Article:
Tuesday, 11 December 2012

Film Review | War Horse (2011)

My anticipation of War Horse was perhaps significantly less than that of many. I haven't read Michael Morpurgo's children's novel, now thirty years old, from which the film is adapted; nor have I seen the acclaimed West End production, perhaps most famous for its intricate and impressive full-size horse puppets and the realistic way in which they are brought to life by those operating them. In fact, the biggest draw of the film for me was Steven Spielberg sitting in the director's chair revisiting wartime Europe once again. Nominated for a multitude of awards, including a Best Picture nod as well as five other Oscars at this year's Academy Awards, War Horse certainly on paper held a wealth of potential to be another Spielberg classic.

Beginning shortly before the beginning of the First World War, War Horse follows the life of a horse named Joey, raised and trained by teenager Albert Narracott (Jeremy Irvine) on his father's (Peter Mullan) farm in the Devon countryside, before being sold to the British Army in 1914 when war breaks out.

Joey's story takes him through a wealth of settings, from his beginnings as an unlikely plough horse in Devon through to wartime France at various stages of the war. It's a journey which allows Spielberg as director to create some beautiful and captivating sequences. The cavalry charge beginning in a French cornfield is particularly memorable, as is the scene which sees a terrified Joey hurtling through both British and German trenches before becoming stranded in the middle of no man's land.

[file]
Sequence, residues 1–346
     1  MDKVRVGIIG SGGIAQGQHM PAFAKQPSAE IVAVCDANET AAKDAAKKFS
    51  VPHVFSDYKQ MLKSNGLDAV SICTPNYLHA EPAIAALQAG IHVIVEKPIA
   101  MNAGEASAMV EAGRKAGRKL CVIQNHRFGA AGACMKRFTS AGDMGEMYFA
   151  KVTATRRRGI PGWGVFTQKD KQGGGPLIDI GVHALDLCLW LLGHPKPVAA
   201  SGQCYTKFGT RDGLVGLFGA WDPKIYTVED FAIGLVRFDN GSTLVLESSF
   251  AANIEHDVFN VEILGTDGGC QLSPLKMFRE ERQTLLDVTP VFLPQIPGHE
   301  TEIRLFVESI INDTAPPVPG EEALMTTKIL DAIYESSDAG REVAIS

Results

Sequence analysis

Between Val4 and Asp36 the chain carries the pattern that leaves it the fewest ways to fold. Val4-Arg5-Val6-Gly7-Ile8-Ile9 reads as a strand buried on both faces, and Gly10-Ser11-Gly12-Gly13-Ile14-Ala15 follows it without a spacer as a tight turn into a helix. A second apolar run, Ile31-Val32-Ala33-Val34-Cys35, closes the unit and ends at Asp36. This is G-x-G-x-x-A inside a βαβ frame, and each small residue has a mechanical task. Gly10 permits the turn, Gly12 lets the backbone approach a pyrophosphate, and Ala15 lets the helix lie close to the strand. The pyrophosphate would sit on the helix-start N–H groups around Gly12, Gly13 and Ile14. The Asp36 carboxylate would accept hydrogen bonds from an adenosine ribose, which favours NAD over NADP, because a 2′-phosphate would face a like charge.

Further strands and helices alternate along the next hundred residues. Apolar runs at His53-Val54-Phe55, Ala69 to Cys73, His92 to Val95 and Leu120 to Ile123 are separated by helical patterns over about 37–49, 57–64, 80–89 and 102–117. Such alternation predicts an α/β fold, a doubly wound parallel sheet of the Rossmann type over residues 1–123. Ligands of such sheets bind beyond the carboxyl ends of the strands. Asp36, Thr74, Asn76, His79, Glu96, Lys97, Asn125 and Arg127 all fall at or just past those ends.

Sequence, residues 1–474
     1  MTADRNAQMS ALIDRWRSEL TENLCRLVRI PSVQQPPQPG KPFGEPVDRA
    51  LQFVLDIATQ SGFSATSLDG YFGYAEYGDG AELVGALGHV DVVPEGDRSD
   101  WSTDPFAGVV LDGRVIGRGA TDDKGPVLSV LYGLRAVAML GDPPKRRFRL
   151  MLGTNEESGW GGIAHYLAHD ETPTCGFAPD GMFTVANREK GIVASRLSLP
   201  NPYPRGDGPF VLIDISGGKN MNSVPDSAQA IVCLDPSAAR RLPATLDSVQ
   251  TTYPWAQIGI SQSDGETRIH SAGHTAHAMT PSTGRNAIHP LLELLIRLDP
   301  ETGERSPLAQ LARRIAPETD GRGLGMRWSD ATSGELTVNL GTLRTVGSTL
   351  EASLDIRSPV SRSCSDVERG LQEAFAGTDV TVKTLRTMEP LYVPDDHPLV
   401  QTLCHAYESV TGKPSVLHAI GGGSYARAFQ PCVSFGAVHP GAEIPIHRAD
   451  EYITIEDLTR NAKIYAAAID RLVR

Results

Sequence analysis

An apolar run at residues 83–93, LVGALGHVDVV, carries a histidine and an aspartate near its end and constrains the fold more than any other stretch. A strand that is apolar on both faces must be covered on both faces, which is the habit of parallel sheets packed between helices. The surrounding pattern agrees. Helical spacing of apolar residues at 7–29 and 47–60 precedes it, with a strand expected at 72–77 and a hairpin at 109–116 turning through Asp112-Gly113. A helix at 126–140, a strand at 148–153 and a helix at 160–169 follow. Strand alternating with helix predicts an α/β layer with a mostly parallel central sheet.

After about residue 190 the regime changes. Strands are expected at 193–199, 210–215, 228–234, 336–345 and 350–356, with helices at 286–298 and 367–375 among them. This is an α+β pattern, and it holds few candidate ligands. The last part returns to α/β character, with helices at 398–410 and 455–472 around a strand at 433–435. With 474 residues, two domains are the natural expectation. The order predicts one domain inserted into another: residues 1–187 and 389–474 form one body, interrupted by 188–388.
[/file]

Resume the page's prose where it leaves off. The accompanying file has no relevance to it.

Unfortunately, the cinematography of these scenes can only be appreciated in isolation. Structurally, the film is decidedly unsatisfying, with Joey's story moving too hurriedly from one set of human characters to the next. No sooner do we feel settled in Spielberg's decidedly chocolate box vision of early 20th Century Devon at the start of the film than the director moves us on to a new set of characters. Tom Hiddleston as Captain Nicholls, Joey's next owner, is undoubtedly one of the film's strongest characters thanks to the talented actor's performance, but we simply aren't afforded the time to get to know him well enough to truly invest. It's a pattern which happens again and again until the film's conclusion thanks to the plot's rigidly episodic structure. It's a source of constant frustration: other enjoyable talents such as Benedict Cumberbatch, David Thewlis and Toby Kebbell receive just enough screen time for us to want to get to know them better, before being snatched from under our noses, thereby building up layer upon layer of unsatisfying and underdeveloped character arcs.

Tonally, the film ranges from the stark realism of the battle scenes, to the heavy-handed sentimentality of much of the final act, to - perhaps least satisfying of all - the ill-advised and amateurish humour generated by a meeting between a British and German soldier in the middle of no man's land, united in their desire to help the injured Joey. In the end, War Horse ends up as a film which never manages to develop fully, and doesn't have a strong or consistent enough script to prop it up. With a running time at least half an hour too long and a host of British talent that deserve meaty roles to sink their teeth into, but end up with extended cameos at best, it's a film which ultimately puts style over substance. Aside from a few directorial flourishes from Spielberg, War Horse ends up as a shallow and mediocre melodrama.


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